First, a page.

In the brightness of the wintry sun as it streamed through the double-pane window over the breakfast table, I laughed aloud at my brothers’ obvious fears. We were preparing as a family to attend Saturday morning confession at the local cathedral in the city where I grew up. With the smell of toast in the air, my mom raced around the kitchen making sure all six of us had finished our breakfast, while at the same time having us repeat aloud the Act of Contrition, reminding us as she did that we each needed to review the sins we committed since our last
confession the previous Saturday. Meanwhile, my brothers, sister and I could hear the muffled sound of snow crunching beneath my dad’s feet as he struggled amidst the frigid weather to break the chunks of ice away from the doorstep so we would not slip as we exited our house.
The car ride to the church was short but it felt like we were going before a judge for sentencing. Which of the several confession lines would we join? Which would be the better choice of priest-confessors? Would it be the old monsignor who was always petulant? Would it be the young, newly-ordained priest who was joyful, always taking the time to speak in pleasant tones, interested it seemed in the drama of our young lives? Would it be the archbishop who thought of himself as a celebrity and seemed to personify everything we were told was unbecoming of a priest? Or perhaps it would be the kind and gentle elderly priest who sat with us at parish picnics and was never afraid of getting his monsignor robes soiled as he played Frisbee with us?
Then there was the matter of Sunday Mass some 24 hours later, but the repeat performance did not include breakfast. That would come after Mass so that we would all fulfill the necessary communion fast. As for the priest-celebrant, in the end it never seemed to matter. Somehow we knew it was Christ’s priesthood that we really respected. Even back then the packaging was always appreciated but never necessary.
Such was the environment in which the Decree on the Ministry and Life of Priests, Presbyterorum Ordinis, was promulgated. Less than two months before, in October 1965, the Decree on Priestly Training, Optatam Totius, was published. Two Council documents on the subject of the ordained priesthood now existed and several others would also contribute to the Vatican II theology of the priesthood.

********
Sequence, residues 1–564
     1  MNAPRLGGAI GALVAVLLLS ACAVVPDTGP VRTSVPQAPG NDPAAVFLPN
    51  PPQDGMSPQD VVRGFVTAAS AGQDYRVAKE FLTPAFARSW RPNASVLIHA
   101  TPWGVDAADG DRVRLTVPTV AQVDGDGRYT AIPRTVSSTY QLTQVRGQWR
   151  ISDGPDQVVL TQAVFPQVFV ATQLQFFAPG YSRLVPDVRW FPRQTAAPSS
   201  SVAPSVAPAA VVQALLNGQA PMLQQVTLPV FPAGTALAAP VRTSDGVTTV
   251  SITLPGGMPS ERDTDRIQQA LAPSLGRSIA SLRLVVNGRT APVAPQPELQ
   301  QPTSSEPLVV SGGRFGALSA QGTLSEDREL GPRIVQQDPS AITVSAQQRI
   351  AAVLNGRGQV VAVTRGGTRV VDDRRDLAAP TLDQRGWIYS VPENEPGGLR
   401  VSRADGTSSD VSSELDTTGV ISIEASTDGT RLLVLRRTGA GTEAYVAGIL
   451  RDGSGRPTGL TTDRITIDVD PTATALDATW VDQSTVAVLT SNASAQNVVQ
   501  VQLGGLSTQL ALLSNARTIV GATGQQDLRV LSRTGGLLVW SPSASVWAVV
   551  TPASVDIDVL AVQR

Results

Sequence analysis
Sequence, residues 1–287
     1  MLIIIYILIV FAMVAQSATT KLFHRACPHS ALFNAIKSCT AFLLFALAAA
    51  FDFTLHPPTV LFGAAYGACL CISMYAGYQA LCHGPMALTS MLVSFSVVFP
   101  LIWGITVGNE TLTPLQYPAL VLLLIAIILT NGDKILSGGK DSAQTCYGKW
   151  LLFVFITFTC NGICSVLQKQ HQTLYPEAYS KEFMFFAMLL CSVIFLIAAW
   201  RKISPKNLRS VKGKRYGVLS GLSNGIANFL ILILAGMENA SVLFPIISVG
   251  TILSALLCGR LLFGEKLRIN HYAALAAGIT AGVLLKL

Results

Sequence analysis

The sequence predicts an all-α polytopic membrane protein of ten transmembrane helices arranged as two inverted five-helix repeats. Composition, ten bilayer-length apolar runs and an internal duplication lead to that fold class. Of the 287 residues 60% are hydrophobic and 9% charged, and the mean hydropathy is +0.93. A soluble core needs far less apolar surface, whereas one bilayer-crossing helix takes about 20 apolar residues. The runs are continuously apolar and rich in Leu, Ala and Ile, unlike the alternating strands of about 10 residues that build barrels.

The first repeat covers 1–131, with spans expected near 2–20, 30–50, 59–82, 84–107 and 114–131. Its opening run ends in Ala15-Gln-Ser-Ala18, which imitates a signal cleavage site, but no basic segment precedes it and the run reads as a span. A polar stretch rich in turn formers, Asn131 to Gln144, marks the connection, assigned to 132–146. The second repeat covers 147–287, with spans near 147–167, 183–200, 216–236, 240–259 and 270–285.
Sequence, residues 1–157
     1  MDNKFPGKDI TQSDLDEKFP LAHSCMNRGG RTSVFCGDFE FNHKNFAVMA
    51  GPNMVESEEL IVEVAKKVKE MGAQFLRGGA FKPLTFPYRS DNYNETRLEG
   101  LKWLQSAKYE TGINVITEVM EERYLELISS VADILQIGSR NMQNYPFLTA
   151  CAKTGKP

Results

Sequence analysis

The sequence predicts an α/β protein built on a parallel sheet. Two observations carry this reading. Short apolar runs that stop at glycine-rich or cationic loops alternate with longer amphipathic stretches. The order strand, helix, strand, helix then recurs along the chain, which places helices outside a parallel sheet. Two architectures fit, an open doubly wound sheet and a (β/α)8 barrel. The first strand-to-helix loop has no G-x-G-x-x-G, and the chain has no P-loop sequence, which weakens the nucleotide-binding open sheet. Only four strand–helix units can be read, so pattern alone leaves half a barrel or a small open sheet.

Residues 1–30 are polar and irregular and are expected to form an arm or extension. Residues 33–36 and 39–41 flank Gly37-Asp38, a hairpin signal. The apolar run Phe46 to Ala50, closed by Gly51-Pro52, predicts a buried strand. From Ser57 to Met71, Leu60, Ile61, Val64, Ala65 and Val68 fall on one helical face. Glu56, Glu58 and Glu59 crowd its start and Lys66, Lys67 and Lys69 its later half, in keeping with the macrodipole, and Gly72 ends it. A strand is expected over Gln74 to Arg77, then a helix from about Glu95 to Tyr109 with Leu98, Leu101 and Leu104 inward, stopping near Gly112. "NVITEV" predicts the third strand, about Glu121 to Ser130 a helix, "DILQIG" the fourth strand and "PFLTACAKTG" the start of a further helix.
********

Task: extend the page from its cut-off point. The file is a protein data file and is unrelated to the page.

Presbyterorum Ordinis contains 22 articles (about 43 pages). Unlike most of the other documents of Vatican II, I found that this tended to be dense and unorganized, introducing a subject, quickly abandoning it, then moving on to another topic, before circling the wagon and returning to the previous topic. On the positive side, the themes treated are appropriate and faithful to what one would expect regarding the ministerial or ordained priesthood.
In Lumen Gentium we are told that those ordained to the holy priesthood do not surrender their People of God membership but take on a new role, at the service of the People of God or common priesthood of the baptized (see LG, 10).
In Presbyterorum Ordinis, it is ambiguous in certain instances, whether the word “priest” refers to the “priest by virtue of ordination” or the “priest by virtue of baptism.” We read, for example, that “all the faithful are made a holy and royal priesthood” (PO, 2). A few sentences later we read, “God gives [priests] the grace to be ministers of Christ Jesus among the people” (PO, 2). There is no clear distinction in the text how the term “priest” is referenced here. This tendency continues throughout the decree and elsewhere in the council documents.